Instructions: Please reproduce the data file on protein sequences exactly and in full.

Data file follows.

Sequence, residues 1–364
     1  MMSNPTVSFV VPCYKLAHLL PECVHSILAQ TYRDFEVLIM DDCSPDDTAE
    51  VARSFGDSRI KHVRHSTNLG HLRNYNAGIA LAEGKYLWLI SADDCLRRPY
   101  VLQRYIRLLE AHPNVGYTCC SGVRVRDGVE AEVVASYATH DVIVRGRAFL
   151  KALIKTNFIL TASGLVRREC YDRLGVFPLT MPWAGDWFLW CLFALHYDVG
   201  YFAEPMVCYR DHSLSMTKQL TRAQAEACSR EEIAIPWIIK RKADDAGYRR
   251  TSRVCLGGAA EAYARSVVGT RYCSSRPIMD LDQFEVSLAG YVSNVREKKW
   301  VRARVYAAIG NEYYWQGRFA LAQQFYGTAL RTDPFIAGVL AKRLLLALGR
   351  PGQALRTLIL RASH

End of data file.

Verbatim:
Sequence, residues 1–364
     1  MMSNPTVSFV VPCYKLAHLL PECVHSILAQ TYRDFEVLIM DDCSPDDTAE
    51  VARSFGDSRI KHVRHSTNLG HLRNYNAGIA LAEGKYLWLI SADDCLRRPY
   101  VLQRYIRLLE AHPNVGYTCC SGVRVRDGVE AEVVASYATH DVIVRGRAFL
   151  KALIKTNFIL TASGLVRREC YDRLGVFPLT MPWAGDWFLW CLFALHYDVG
   201  YFAEPMVCYR DHSLSMTKQL TRAQAEACSR EEIAIPWIIK RKADDAGYRR
   251  TSRVCLGGAA EAYARSVVGT RYCSSRPIMD LDQFEVSLAG YVSNVREKKW
   301  VRARVYAAIG NEYYWQGRFA LAQQFYGTAL RTDPFIAGVL AKRLLLALGR
   351  PGQALRTLIL RASH